You and Your Baby at Week 34 of Your Pregnancy

(10 minute read)

You and Your Baby at Week 34 of Your Pregnancy

Week 34

As you enter week 34 of pregnancy, you are nearing the final stretch, so a congratulations is in order! This period is filled with anticipation, excitement, and some natural concerns about the changes your body and your baby are going through. Find out what is happening in week 34 of your pregnancy here.

How Big is Baby at 34 Weeks?

At 34 weeks, your baby is rapidly approaching his or her final birth size. While individual growth rates vary, most babies at this stage are about the size of a cantaloupe melon. They typically measure around 45cm from head to heel and weigh approximately 4.7 to 5.4 pounds, or 2.1 to 2.5kg.

The baby's physical development is almost complete. Their bones are hardening, except for the skull, which remains soft and flexible to make the journey through the birth canal easier. The baby's skin is becoming smoother, and a layer of fat is filling out their arms and legs, giving them a more rounded appearance.

The Week 34 Antenatal Appointment

Week 19 Fetus

This week, you will have an appointment with your doctor or midwife in which the following will happen:

  • You will be asked about your baby's movements.
  • You will be given advice about preparing for labour and birth, how to recognise the signs of labour, pain coping strategies and your birth plan.
  • There will be a discussion of screening test results from your last appointment.
  • The size of your uterus will be measured.
  • Your blood pressure will be taken.
  • They will test for protein in your urine (for detecting conditions like pre-eclampsia).
  • If you're rhesus negative, you'll be given your second anti-D injection so you don't have a reaction to the foetal blood cells.


Changes in Your Body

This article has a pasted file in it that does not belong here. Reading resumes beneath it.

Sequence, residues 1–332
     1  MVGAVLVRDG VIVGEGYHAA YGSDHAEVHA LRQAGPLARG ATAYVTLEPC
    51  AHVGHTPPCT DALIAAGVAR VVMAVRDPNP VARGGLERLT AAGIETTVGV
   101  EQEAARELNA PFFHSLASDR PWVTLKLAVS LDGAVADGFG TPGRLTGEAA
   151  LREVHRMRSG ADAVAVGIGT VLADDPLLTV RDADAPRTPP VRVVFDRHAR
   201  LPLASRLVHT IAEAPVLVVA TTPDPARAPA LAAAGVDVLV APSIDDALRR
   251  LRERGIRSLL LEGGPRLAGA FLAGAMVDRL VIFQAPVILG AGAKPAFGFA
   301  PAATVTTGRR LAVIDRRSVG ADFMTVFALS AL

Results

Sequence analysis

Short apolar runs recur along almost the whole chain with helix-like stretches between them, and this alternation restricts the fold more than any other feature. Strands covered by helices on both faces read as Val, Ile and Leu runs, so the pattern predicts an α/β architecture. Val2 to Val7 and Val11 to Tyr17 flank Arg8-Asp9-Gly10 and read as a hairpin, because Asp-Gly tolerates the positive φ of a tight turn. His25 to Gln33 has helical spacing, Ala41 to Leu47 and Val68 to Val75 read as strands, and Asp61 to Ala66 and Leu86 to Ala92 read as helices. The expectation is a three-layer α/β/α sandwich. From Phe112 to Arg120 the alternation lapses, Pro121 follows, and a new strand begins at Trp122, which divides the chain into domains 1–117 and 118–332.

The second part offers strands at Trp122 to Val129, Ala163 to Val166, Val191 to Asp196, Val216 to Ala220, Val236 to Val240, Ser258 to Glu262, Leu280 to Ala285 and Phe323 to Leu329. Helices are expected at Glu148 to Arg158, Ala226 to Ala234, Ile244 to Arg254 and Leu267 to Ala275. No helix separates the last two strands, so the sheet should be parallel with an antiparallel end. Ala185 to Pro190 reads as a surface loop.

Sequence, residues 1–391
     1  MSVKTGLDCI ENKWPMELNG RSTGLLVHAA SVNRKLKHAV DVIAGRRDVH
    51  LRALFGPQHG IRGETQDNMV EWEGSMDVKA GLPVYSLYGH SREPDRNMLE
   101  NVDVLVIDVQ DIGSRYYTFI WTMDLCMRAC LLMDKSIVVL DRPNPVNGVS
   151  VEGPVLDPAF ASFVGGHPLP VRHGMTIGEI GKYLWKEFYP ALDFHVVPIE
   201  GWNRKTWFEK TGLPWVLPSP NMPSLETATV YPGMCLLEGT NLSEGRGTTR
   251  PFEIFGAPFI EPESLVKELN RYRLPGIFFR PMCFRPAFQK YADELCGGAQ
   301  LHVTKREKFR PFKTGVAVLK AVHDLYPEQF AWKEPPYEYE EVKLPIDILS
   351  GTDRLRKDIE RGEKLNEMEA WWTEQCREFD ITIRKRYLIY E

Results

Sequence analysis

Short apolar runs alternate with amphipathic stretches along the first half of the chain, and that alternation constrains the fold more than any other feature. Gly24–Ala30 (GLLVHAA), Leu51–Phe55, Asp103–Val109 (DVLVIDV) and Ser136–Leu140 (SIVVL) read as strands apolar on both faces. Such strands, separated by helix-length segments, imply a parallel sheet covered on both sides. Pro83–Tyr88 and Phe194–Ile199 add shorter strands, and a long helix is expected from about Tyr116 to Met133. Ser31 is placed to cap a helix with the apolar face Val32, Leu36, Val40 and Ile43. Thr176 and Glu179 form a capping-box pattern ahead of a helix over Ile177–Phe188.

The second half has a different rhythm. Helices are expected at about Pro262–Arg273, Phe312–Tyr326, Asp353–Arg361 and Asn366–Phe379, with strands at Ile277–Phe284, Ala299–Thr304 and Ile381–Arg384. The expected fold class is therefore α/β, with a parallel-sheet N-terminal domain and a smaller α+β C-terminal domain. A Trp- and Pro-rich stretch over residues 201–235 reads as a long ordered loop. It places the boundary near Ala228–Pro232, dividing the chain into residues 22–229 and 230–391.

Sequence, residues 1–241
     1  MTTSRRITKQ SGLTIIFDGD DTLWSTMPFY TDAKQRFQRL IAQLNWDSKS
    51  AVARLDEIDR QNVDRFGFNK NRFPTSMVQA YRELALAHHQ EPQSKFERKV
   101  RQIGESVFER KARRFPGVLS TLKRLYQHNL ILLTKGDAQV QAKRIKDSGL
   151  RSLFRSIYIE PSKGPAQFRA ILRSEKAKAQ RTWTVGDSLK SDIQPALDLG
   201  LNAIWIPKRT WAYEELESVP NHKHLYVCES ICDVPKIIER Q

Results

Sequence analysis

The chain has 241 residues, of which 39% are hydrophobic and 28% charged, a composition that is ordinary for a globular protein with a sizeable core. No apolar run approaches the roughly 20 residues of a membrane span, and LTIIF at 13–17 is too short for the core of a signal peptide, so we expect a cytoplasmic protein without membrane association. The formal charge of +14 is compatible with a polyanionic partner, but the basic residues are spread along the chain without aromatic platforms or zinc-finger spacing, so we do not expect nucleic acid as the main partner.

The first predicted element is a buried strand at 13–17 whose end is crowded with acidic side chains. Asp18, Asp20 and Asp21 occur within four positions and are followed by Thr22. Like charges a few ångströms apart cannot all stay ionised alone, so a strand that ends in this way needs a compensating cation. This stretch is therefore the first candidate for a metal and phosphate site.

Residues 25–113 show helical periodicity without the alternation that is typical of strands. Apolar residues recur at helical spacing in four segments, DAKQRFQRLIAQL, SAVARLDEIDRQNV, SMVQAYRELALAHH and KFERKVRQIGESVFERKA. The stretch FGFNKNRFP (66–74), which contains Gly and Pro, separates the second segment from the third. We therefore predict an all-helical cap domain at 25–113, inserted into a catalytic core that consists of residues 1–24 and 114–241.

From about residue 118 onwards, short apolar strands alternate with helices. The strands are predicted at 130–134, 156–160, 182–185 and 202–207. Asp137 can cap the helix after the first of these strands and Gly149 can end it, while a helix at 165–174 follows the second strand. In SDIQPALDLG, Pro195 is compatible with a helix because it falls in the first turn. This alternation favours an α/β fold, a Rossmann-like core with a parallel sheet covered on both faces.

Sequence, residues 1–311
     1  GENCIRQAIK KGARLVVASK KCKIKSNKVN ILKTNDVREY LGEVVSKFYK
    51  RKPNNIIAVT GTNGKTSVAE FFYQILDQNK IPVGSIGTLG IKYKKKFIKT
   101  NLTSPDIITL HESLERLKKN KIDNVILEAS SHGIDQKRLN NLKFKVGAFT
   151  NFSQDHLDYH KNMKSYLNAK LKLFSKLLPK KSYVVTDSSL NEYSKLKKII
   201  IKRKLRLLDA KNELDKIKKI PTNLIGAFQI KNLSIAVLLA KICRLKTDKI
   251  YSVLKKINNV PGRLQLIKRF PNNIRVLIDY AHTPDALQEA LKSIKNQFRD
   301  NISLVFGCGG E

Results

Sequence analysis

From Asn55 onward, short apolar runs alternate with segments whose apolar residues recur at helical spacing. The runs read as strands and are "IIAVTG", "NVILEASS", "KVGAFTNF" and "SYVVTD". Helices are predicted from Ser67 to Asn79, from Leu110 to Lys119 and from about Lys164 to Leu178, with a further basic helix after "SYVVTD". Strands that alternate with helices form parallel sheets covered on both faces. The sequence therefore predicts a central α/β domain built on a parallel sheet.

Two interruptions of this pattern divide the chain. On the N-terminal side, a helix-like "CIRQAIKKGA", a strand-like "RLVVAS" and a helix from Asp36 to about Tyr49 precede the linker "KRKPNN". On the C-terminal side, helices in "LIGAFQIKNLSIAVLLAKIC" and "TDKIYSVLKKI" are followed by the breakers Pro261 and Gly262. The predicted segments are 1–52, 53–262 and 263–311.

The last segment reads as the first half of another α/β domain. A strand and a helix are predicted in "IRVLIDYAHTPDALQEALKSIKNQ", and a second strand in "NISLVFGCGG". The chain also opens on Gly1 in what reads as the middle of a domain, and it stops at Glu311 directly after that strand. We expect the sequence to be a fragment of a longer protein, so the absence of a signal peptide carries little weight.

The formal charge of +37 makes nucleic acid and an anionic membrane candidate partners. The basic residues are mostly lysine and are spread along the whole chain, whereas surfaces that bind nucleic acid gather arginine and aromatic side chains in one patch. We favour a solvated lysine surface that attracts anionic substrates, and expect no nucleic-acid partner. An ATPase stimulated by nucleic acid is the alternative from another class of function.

As your body prepares for birth, you might notice that some of your pregnancy symptoms have gone. This is because your baby will have moved down head first into your pelvis in a process called "engagement". So symptoms like breathlessness and heartburn which used to bother you before, will now be getting better.


Increased Uterine Size: Your uterus is now about 5 to 6 inches above your belly button, giving your belly a more pronounced shape.

Weight Gain: You might have gained between 24 to 29 pounds by now, though this varies greatly among individuals.

Braxton Hicks Contractions: These "practice" contractions might become more frequent. They are usually irregular and painless but can be uncomfortable.

Swelling: You may experience swelling in your feet, ankles, and hands due to increased fluid retention.

Breast Changes: Your breasts will probably be really large by now, and also more sensitive as they prepare for breastfeeding. Colostrum, the first form of milk, may begin to leak from your nipples.


Pregnancy Symptoms at Week 34

Each woman's pregnancy is unique, but some common symptoms during the 34th week include:

Fatigue: As the baby grows, your body works harder, often leading to increased fatigue. Make sure to rest and sleep adequately.

Backaches: The extra weight and the shifting of your centre of gravity can cause back pain. Prenatal yoga and good posture can help.

Difficulty Sleeping: Finding a comfortable sleeping position can be challenging. Using pregnancy pillows and sleeping on your side might provide some relief.

Nesting Instinct: Many women experience a burst of energy and an urge to prepare the home for the baby's arrival. While it's okay to give in to these nesting instincts, remember not to overdo it.

Emotional Changes: Hormonal fluctuations, combined with anticipation and anxiety about the impending birth, can cause mood swings. It's important to seek support from friends and family, or even a professional, and talk about your feelings.

Preparing for the Birth

This is an excellent time to start preparing for the birth. Consider the following:

Prenatal Classes: If you haven't already, attend prenatal classes to learn about labour, delivery, and early infant care.

Birth Plan: Discuss your birth plan with your healthcare provider. This plan should include your preferences for pain management and other birthing details.

Hospital Bag: Start packing your hospital bag with essentials like clothing for you and the baby, toiletries, etc.


When to Contact Your Doctor or Midwife

While most changes and symptoms are normal, some signs warrant immediate medical attention:

Severe or Persistent Pain: Any severe or persistent pain should be reported immediately.

Decreased Foetal Movement: If you notice a significant decrease in your baby's movements, contact your doctor or midwife.

Signs of Early Labour: These include regular contractions, pressure in the pelvis, lower back pain, and vaginal bleeding.


As you prepare for the final weeks of pregnancy and the exciting journey of parenthood that lies ahead, remember to continue taking care of yourself, attending regular prenatal check-ups, and enjoying this unique and special time in your life.

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